NEWS
Japanese mission studies the mystery of Venus in collaboration with Portuguese researchers
2018 December 07

Composition of a Venus image in the infrared, with the Milky Way on the background.
Credits: Venus - ISAS/JAXA (modified), background - John Colosimo (colosimophotography.com)/ESO
Examples of images acquired with the IR2 infrared camera on board of Akatsuki probe during the year 2016. Credits: ISAS/JAXA
One of the mysteries of the Solar System is the fact that the atmosphere of Venus circles the planet sixty times faster than its rotation period, generating permanent winds with hurricane-like speeds. The quest for the mechanisms that sustain this “super-rotation” motivated one of the most complete and detailed studies1 about the nocturnal winds on Venus close to its surface. This work, published today, had the important contribution of Pedro Machado, of Instituto de Astrofísica e Ciências do Espaço (IA2) and Faculdade de Ciências da Universidade de Lisboa (FCUL), and was led by Javier Peralta, of the Japanese mission Akatsuki.

In order to create an ever more comprehensive picture of what is happening in the atmospheric circulation of Venus, one needs to know the winds, in detail and over time, in the several layers of its atmosphere. The Akatsuki mission, of the Japanese space agency JAXA, observed for one full year the night side of Venus, enabling the analysis of the clouds between 48 and 70 kilometres of altitude. One of the most important revelations, according to Pedro Machado, was the discovery of the acceleration of the winds, at those altitudes, in the dusk zone, in the transition between the day side and the night side of the planet.

This is the first time it is detected, and will help understand the processes at the origin of the dramatic acceleration of the Venus atmosphere,” says Pedro Machado. These winds at low altitude are totally different from those already being studied on the layers above3. They can only be investigated through the analysis of the infrared light emitted by the planet itself, domain in which the research group at IA gave an important contribution to the paper published today.

Due to the greenhouse effect produced by the atmosphere, the zone below 48 kilometres of altitude is so hot, so hot, that it emits a large quantity of thermal radiation, in the infrared,” says Pedro Machado. “This radiation, once it hits the cloud layer, and being some of these clouds denser and others less, it traces their contour on the images obtained in the infrared. This way we can follow the cloud formations and build the wind map over time.

IA's Solar System research group collaborates directly with the Akatsuki mission because it developed a method that is complementary to the Japanese probe in the measuring of the winds in the infrared from telescopes based on Earth. As, throughout its orbit, the probe is not always over the night side, Pedro Machado used this method with the Telescopio Nazionale Galileo, in Canary Islands, in coordination with the Japanese mission, in order to guarantee a global observation, and as continuous as possible, of the planet Venus.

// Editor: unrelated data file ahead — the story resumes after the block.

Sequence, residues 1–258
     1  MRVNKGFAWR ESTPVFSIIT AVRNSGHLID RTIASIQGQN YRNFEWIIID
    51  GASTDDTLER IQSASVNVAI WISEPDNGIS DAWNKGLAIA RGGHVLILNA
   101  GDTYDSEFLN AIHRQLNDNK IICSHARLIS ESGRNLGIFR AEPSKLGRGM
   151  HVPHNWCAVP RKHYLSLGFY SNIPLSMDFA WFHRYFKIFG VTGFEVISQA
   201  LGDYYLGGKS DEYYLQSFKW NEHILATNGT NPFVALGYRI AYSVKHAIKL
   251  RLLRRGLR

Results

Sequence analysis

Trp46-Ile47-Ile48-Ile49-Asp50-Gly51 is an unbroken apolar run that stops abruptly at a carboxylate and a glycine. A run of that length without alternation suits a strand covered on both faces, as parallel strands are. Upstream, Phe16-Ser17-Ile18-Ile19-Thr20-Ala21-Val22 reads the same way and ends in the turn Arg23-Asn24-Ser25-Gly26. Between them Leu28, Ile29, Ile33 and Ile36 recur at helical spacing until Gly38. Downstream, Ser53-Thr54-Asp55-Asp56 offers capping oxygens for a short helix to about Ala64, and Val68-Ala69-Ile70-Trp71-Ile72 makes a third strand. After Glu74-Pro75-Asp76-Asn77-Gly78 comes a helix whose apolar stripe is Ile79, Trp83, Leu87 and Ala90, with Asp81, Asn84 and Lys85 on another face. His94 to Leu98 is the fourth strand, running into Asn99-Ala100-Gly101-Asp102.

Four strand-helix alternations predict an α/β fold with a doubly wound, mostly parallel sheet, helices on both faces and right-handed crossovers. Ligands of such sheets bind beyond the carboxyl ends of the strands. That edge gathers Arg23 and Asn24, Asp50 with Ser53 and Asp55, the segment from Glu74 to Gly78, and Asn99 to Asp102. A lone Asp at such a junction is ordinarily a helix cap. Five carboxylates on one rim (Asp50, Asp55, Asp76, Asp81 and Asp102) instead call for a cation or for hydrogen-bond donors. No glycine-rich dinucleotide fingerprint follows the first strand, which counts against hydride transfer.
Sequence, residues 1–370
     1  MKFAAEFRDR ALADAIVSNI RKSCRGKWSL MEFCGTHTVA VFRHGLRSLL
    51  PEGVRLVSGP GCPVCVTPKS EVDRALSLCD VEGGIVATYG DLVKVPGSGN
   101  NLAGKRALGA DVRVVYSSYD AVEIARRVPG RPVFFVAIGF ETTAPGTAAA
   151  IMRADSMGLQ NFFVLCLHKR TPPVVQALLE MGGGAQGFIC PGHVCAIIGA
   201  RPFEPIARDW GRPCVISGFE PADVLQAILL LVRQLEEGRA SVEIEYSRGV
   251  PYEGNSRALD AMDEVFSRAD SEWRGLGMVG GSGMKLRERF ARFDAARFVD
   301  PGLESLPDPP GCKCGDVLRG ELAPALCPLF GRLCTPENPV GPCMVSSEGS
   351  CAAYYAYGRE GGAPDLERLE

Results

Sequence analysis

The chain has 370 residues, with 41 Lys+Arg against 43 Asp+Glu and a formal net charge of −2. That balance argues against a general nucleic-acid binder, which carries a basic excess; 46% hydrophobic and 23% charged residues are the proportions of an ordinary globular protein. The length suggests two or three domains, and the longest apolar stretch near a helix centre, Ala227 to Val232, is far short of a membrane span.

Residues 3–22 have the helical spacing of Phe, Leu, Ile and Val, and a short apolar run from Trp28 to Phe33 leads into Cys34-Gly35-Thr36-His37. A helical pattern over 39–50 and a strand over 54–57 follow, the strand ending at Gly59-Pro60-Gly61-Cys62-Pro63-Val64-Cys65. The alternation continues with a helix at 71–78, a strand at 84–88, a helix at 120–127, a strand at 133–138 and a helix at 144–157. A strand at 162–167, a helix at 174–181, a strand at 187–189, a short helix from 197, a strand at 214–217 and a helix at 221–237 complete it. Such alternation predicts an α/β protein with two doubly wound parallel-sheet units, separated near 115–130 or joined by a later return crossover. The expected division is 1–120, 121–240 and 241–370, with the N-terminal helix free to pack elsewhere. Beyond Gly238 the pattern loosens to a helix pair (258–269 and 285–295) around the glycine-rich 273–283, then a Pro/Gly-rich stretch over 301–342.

This method is a great leap in terms of the precision in this domain, being now as competitive as the data from the infrared camera of the space probe,” highlights Pedro Machado. For this reason, the Akatsuki mission is interested in this collaboration, in which the IA research group has also access to the images obtained with the probe.

One of the team's next steps is to understand the relationship between the lower layers of the atmosphere and the features on the surface of Venus, such as mountains, and how this relationship might contribute to the mechanisms that trigger and sustain the “super-rotation” of the atmosphere of the planet. 



Notes
  1. The article “Nightside winds at the middle-to-low clouds of Venus with Akatsuki/IR2”, by Javier Peralta et al., was published online on the 7th of December, 2018, in the Astrophysical Journal Supplement Series, Volume 239 (DOI: 10.3847/1538-4365/aae844).
  2. The Instituto de Astrofísica e Ciências do Espaço (Institute of Astrophysics and Space Sciences – IA) is the reference Portuguese research unit in space sciences and integrates researchers from the University of Porto and the University of Lisbon. The institute encompasses most of the field’s national scientific output and it was evaluated as Excellent in the last evaluation Fundação para a Ciência e Tecnologia (FCT) commissioned from the European Science Foundation (ESF). IA's activity is funded by national and international funds, including Fundação para a Ciência e a Tecnologia (UID/FIS/04434/2013), POPH/FSE and FEDER through COMPETE 2020.
  3. See for instance the following IA press-releases: “A preview of the Venus atmosphere in 3D” (23rd of May, 2017) and “Meridional wind on Venus was detected for the first time in both hemispheres” (15th of March, 2017).


Contacts
 
Pedro Machado


Science Communication Group
Sérgio Pereira
Ricardo Cardoso Reis

Daniel Folha (Coordenação, Porto)
João Retrê (Coordenação, Lisboa)

Instituto de Astrofísica e Ciências do Espaço Universidade do Porto Faculdade de Ciências da Universidade de Lisboa
Fundação para a Ciência e a Tecnologia COMPETE 2020 PORTUGAL 2020 União Europeia